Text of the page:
Next I renamed my newly created pfile, then did another CREATE PFILE FROM SPFILE, only this time specified the spfile name, pointing to the ASM based file. Sure enough, none of my changes were reflected in that file; further evidence that it was overriding. I did a sanity check on the two pfiles, merging a few things from the first into the one created from the ASM file, the created a new default spfile from that. After that life was good.

    This was a first for me. Of course I've been at this long enough to have used pfiles before there were spfiles. I've seen pfiles that had a single line, 'SPFILE= ..' to point to some non-standard spfile. But I've never seen an spfile itself refer to yet another spfile.

    Oh well. All's well that ends well, and I learned something new.
    Sorry Ed, but I am still not able to understand your solution because I am bit confused of below text specially :
    only this time specified the spfile name
    what you specified here other than first one's pfile spfile=+ASM/...folder1/folder2 ?
    Sure enough, none of my changes were reflected in that file; further evidence that it was overriding.
    completely failed to understand this line, what happened 2nd time that you did't got changes reflected; while you got in the first one pfile.

    The more cause of my confusion may be poor and bad in English, but I know, I don't have poor wish of oracle learning, so I am asking for removing doubts please.

    Regards
    Girish Sharma
  • 11. Re: alter system  scope=spfile not taking
    734288 Newbie
    Currently Being Moderated
    Here are the steps to perform the change in SPFILE but it's not working with alter system set command.

    login as sys to Oracle

    1. create pfile from spfile;
    2. Stop the database
    3. go to Oracle_Home/dbs directory and rename spfile<sid>.ora to bak file. Make sure there is no other spfile available except pfile for the instance.
    3. edit the pfile with the correct name and location of the control file.
    4. create spfile from spfile before the DB starts
    5. Verify the change what it made in step 3.

    Hope this help you

    Thanks
    Jandial
  • 12. Re: alter system  scope=spfile not taking
    713555 Pro
    Currently Being Moderated
    sounds very similar to this I had last week

    ora-01506 no database name

    in ORACLE_HOME\database , rename the init.ora, init<SID>.ora, spfile<SID>.ora to .bak as we know oracle looks for those default files first (which you say you did) I was starting with a pfile from a different location and "create spfile from pfile" uses the pfile thats in the ORACLE_HOME\init<sid>.ora if one existed unless you specify otherwise.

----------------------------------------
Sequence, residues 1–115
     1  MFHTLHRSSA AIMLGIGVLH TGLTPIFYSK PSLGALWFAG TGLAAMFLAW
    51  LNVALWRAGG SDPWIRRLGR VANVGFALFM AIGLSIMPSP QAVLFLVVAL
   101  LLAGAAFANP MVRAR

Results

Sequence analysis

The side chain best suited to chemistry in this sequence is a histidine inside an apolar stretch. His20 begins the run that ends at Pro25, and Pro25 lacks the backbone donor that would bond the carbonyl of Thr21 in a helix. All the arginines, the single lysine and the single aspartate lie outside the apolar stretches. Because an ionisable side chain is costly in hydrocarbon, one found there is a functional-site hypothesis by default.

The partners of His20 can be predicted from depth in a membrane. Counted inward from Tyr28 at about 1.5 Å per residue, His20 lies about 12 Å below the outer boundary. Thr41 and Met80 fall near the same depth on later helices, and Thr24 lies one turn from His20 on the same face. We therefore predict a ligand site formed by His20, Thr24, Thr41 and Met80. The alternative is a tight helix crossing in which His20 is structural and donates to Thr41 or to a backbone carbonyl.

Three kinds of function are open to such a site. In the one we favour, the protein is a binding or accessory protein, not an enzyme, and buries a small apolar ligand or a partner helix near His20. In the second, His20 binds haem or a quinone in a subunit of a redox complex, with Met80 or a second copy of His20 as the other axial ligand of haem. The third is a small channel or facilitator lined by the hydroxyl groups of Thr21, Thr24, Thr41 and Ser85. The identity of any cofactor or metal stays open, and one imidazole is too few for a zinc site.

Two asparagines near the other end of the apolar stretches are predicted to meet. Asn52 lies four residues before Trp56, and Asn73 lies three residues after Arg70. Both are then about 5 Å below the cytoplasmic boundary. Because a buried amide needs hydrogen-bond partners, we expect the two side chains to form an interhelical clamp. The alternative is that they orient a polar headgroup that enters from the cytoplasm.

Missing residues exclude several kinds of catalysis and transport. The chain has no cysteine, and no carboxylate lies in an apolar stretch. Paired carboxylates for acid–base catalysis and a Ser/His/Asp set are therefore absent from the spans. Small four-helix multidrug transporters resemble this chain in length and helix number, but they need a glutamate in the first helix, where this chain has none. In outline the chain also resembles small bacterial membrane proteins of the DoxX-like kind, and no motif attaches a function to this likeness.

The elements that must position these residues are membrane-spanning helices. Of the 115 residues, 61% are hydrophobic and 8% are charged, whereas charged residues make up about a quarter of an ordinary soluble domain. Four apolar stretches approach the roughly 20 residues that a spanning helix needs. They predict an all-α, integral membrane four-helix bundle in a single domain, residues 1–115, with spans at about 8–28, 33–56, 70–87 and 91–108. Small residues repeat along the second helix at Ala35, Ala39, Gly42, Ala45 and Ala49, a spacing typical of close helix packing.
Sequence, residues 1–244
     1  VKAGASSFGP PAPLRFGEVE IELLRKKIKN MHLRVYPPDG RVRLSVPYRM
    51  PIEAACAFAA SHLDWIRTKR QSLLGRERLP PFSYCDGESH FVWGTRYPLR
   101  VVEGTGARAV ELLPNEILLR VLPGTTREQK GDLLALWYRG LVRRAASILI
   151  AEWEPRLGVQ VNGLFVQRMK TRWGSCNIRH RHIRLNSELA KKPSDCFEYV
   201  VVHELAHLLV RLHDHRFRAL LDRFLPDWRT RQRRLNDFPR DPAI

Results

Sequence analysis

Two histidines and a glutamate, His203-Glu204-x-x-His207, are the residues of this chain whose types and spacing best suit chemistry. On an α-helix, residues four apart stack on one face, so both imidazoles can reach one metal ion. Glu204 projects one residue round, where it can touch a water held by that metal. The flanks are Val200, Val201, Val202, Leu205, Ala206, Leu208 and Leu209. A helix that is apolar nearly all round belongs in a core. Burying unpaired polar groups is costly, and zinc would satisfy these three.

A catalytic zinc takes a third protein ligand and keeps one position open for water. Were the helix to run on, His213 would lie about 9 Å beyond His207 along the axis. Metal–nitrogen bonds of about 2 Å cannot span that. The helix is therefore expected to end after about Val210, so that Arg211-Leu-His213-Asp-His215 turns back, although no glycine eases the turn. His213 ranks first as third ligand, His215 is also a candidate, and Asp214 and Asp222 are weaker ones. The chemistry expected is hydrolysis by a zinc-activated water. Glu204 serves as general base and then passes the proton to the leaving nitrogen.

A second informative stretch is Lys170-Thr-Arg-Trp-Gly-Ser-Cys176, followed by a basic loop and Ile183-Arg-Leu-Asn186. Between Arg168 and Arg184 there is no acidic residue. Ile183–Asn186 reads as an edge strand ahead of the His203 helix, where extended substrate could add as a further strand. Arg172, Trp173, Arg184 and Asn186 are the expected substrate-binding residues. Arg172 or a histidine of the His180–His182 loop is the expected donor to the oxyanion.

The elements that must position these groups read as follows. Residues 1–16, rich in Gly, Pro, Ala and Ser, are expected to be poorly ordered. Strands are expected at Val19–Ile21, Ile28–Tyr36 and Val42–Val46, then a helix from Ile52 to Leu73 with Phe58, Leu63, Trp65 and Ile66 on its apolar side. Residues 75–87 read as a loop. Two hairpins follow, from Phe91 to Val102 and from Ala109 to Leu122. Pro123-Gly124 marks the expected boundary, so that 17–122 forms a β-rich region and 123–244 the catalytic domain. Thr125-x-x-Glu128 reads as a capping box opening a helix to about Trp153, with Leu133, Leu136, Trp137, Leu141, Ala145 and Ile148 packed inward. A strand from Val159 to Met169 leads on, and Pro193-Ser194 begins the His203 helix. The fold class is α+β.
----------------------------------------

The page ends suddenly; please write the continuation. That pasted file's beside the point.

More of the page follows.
If youd ever started that database with an spfile the pfile would have had only the reference to the spfile in it creating the loop.
  • 13. Re: alter system  scope=spfile not taking
    EdStevens Guru
    Currently Being Moderated
    Girish Sharma wrote:
    EdStevens wrote:
    Ok, here's what I figured out (and I don't have any experience with Oracle Managed files either)...

    The db was using the default spfile, to a point. When I did my ALTER SYSTEM, the timestamp on the default spfile was changing, and that was part of what threw me off. I finally created a pfile from the spfile, and that pfile reflected my changes, but also included a parameter -- spfile=+ASM/... yada, yada. Looking at the contents of the actual spfile (yes, I know it's a binary, but the parms themselves are clear text, so you can see what's going on .. just don't try to edit it). I saw exactly what was in the created pfile.

    Next I renamed my newly created pfile, then did another CREATE PFILE FROM SPFILE, only this time specified the spfile name, pointing to the ASM based file. Sure enough, none of my changes were reflected in that file; further evidence that it was overriding. I did a sanity check on the two pfiles, merging a few things from the first into the one created from the ASM file, the created a new default spfile from that. After that life was good.

    This was a first for me. Of course I've been at this long enough to have used pfiles before there were spfiles. I've seen pfiles that had a single line, 'SPFILE= ..' to point to some non-standard spfile. But I've never seen an spfile itself refer to yet another spfile.

    Oh well. All's well that ends well, and I learned something new.
    Sorry Ed, but I am still not able to understand your solution because I am bit confused of below text specially :
    only this time specified the spfile name
    what you specified here other than first one's pfile spfile=+ASM/...folder1/folder2 ?
    Sure enough, none of my changes were reflected in that file; further evidence that it was overriding.
    completely failed to understand this line, what happened 2nd time that you did't got changes reflected; while you got in the first one pfile.

    The more cause of my confusion may be poor and bad in English, but I know, I don't have poor wish of oracle learning, so I am asking for removing doubts please.

    Regards
    Girish Sharma
    Ok, let me see if I can clarify.

    When first approaching the database, I checked to see if it was using a pfile or spfile. A 'show parameter spfile' indicated it was using an spfile, and it was the default name in the default location (%ORACLE_HOME\database\spfile%ORACLE_SID%.ora).

    Next I did a couple of ALTER SYSTEM SET .... SCOPE=SPFILE commands.

    Next I bounced the database and rechecked the parameters I had set, and they were back to their original values.